A visit to Istanbul, formerly called Constantinople, presents a very different city from the one found on this spot in the fourth century CE, when Roman Emperor Constantine renamed his Eastern capital after himself. The city was once called Byzantium by the Greeks. It was here that Constantine set the stage for the embrace of Christianity by emperors that came after him. Constantinople served as the seat of power for the Byzantine Empire for the next thousand years.

The best movie about the trials of introducing Christianity as the official religion of the Empire is Agora (2009), set in Alexandria, Egypt. At the end of the fourth century, the city was a hotbed of religious contention. Pagan worshipers were under extreme duress from newly empowered Christians, and the beautiful philosopher Hypatia (say High-patia as in patience) became a martyr in consequence of her Greek-inspired skeptical thinking. Greek philosophy was considered paganism by the Christians. In these years, Roman control of the empire shifted from the West to the new capital at Constantinople. Egypt was lost to the Muslim conquest in the year 641.

The most colorful and justly famous figure in the early centuries of the Byzantine Empire was Justinian I, who ruled from Constantinople in the years 527 to 565. The Emperor and his scandalous wife can be seen in Theodora, Slave Empress (1954). Further obstacles for Justinian are on view in Sword of the Conqueror (1961), set in Europe of 566. The Emperor is uneasy about the activities of pagan tribes in Europe to his West and sends emissaries to sow discord among them. Though he sits at the high end of Western Civilization in this time, he knows that beneath the palaces and cathedrals there is a seething magma of brutality, resentment, and vengeance. He exploits the situation by turning the barbarians against themselves.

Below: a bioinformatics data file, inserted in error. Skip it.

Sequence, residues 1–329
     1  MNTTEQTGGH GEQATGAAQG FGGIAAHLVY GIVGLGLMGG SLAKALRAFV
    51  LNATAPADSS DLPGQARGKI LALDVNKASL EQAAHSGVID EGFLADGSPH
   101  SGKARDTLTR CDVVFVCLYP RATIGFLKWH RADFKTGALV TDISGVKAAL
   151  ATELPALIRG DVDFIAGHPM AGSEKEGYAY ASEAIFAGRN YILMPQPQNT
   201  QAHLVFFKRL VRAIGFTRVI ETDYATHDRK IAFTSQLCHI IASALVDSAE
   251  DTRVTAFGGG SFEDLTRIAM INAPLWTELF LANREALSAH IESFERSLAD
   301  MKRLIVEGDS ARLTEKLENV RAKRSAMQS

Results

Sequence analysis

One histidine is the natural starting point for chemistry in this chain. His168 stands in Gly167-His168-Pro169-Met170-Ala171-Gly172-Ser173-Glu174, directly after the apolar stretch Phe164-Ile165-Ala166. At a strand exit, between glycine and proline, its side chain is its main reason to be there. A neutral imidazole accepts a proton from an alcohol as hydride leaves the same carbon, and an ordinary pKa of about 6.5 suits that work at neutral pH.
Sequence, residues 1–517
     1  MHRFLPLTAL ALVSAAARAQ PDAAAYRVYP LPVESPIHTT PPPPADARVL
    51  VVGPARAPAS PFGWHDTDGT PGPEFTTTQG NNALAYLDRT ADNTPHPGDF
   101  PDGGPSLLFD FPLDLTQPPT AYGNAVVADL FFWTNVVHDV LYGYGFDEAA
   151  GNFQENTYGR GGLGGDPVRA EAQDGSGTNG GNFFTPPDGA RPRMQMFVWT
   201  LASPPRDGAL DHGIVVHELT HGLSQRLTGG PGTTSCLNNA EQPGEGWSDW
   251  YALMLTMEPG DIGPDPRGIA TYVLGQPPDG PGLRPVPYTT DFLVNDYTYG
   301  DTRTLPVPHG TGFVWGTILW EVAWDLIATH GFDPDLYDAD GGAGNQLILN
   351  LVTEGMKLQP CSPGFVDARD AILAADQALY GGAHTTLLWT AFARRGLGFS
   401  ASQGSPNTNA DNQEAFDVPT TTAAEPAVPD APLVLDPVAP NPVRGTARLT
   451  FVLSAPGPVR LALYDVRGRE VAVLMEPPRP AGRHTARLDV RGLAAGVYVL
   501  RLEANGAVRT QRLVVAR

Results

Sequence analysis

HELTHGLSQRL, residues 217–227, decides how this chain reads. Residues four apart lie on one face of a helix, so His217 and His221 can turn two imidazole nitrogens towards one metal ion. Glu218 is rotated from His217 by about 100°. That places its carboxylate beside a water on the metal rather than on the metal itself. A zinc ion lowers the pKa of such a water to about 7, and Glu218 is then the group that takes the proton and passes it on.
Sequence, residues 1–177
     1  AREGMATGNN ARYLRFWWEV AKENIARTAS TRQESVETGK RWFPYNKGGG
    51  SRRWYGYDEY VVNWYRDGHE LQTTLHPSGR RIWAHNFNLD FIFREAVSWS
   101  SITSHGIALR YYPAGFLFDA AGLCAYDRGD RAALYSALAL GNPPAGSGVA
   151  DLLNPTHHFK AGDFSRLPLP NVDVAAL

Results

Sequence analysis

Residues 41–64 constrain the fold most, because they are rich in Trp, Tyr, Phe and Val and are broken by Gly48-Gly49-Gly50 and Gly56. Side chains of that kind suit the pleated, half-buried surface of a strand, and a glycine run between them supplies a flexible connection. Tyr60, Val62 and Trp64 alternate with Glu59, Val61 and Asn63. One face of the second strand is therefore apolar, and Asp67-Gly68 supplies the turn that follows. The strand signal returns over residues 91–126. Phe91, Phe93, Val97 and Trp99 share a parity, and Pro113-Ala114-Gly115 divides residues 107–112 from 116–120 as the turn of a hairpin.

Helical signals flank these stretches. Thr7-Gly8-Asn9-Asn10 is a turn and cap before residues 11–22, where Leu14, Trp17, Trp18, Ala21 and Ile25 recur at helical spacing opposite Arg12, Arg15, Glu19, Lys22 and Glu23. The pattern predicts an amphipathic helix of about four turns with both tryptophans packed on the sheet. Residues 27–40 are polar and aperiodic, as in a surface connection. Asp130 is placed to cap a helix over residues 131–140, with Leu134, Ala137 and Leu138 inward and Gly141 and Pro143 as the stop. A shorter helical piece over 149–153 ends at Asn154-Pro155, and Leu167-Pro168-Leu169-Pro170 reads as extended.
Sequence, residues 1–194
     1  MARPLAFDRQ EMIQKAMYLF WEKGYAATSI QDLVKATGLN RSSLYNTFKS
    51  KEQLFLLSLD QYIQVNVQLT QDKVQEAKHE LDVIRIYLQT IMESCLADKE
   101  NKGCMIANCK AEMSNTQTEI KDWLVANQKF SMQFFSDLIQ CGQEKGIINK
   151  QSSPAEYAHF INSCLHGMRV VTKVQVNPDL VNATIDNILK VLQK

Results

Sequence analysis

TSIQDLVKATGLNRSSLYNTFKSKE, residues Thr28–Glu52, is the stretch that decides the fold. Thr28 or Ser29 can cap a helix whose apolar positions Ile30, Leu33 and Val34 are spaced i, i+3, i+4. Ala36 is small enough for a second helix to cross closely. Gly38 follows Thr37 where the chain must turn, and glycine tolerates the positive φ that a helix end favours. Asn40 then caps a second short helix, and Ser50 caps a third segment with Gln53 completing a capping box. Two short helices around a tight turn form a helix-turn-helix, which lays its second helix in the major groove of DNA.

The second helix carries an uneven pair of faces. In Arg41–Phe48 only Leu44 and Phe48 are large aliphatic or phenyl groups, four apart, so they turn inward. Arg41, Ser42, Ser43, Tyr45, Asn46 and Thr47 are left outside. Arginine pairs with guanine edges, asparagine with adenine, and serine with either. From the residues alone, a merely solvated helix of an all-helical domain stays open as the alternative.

There is a Turkish movie called Fetih 1453 (2012), or The Conquest 1453, about the capture of Constantinople by the Islamic Ottoman Turks in 1453. It has not been available in English, but the opening graphics (see trailer) show the city as it might have looked after a thousand years of Byzantine rule. Commanding the scene is the Hagia Sophia (say High-ya), built by Emperor Justinian I in the sixth century on top of earlier versions of the Eastern Orthodox cathedral. In reality, this is a romanticized view of the city. It never fully recovered it’s magnificence after being sacked by the Crusaders in 1204.

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